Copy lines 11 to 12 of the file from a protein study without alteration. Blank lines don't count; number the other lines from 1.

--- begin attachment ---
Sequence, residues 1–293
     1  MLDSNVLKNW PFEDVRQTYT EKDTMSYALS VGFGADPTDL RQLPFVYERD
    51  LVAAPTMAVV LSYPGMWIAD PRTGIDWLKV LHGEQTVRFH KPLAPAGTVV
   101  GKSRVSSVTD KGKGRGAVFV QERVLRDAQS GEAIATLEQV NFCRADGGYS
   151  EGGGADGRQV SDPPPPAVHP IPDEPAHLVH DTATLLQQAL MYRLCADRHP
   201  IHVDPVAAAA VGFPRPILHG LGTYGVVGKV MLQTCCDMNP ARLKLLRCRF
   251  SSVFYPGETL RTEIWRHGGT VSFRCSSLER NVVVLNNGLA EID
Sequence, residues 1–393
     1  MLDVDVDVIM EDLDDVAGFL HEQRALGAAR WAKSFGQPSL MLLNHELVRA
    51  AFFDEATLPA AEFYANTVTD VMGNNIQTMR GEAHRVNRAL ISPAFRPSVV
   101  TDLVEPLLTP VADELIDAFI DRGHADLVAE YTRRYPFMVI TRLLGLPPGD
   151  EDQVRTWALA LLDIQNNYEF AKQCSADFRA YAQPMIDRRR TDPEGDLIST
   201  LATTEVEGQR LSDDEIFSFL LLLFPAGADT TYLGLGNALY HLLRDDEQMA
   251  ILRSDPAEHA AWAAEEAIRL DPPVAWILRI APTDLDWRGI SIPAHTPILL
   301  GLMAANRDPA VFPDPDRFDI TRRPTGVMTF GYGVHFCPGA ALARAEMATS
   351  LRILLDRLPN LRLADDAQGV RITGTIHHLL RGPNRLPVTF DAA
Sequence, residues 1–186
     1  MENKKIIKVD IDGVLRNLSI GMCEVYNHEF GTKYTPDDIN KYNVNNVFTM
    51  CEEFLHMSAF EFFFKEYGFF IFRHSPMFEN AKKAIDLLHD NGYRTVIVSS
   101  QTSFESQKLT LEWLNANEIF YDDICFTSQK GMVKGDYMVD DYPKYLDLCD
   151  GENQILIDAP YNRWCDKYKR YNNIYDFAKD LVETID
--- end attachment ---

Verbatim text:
   101  TDLVEPLLTP VADELIDAFI DRGHADLVAE YTRRYPFMVI TRLLGLPPGD
   151  EDQVRTWALA LLDIQNNYEF AKQCSADFRA YAQPMIDRRR TDPEGDLIST